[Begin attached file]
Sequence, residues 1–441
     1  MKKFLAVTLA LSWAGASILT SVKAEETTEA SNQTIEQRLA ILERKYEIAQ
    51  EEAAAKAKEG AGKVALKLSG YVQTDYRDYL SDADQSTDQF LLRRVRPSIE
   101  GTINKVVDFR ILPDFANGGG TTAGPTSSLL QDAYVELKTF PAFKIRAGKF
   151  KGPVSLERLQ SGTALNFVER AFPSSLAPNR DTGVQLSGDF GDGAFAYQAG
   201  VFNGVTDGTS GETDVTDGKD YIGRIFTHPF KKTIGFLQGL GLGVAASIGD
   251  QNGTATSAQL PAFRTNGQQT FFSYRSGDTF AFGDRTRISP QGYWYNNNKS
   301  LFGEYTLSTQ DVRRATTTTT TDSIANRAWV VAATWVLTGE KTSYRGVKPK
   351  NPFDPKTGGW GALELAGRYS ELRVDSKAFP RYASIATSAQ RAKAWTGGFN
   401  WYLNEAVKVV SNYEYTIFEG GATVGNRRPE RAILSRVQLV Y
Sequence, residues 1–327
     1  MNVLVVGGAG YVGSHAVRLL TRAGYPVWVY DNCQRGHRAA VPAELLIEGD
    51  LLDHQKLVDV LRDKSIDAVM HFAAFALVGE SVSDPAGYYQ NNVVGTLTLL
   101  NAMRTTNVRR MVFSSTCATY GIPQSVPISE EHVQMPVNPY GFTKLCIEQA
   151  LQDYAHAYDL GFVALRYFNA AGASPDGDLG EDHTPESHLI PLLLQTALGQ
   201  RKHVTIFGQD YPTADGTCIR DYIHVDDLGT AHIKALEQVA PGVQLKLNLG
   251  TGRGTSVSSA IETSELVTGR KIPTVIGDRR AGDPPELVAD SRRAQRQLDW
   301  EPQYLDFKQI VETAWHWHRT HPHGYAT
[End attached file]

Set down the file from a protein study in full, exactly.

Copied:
Sequence, residues 1–441
     1  MKKFLAVTLA LSWAGASILT SVKAEETTEA SNQTIEQRLA ILERKYEIAQ
    51  EEAAAKAKEG AGKVALKLSG YVQTDYRDYL SDADQSTDQF LLRRVRPSIE
   101  GTINKVVDFR ILPDFANGGG TTAGPTSSLL QDAYVELKTF PAFKIRAGKF
   151  KGPVSLERLQ SGTALNFVER AFPSSLAPNR DTGVQLSGDF GDGAFAYQAG
   201  VFNGVTDGTS GETDVTDGKD YIGRIFTHPF KKTIGFLQGL GLGVAASIGD
   251  QNGTATSAQL PAFRTNGQQT FFSYRSGDTF AFGDRTRISP QGYWYNNNKS
   301  LFGEYTLSTQ DVRRATTTTT TDSIANRAWV VAATWVLTGE KTSYRGVKPK
   351  NPFDPKTGGW GALELAGRYS ELRVDSKAFP RYASIATSAQ RAKAWTGGFN
   401  WYLNEAVKVV SNYEYTIFEG GATVGNRRPE RAILSRVQLV Y
Sequence, residues 1–327
     1  MNVLVVGGAG YVGSHAVRLL TRAGYPVWVY DNCQRGHRAA VPAELLIEGD
    51  LLDHQKLVDV LRDKSIDAVM HFAAFALVGE SVSDPAGYYQ NNVVGTLTLL
   101  NAMRTTNVRR MVFSSTCATY GIPQSVPISE EHVQMPVNPY GFTKLCIEQA
   151  LQDYAHAYDL GFVALRYFNA AGASPDGDLG EDHTPESHLI PLLLQTALGQ
   201  RKHVTIFGQD YPTADGTCIR DYIHVDDLGT AHIKALEQVA PGVQLKLNLG
   251  TGRGTSVSSA IETSELVTGR KIPTVIGDRR AGDPPELVAD SRRAQRQLDW
   301  EPQYLDFKQI VETAWHWHRT HPHGYAT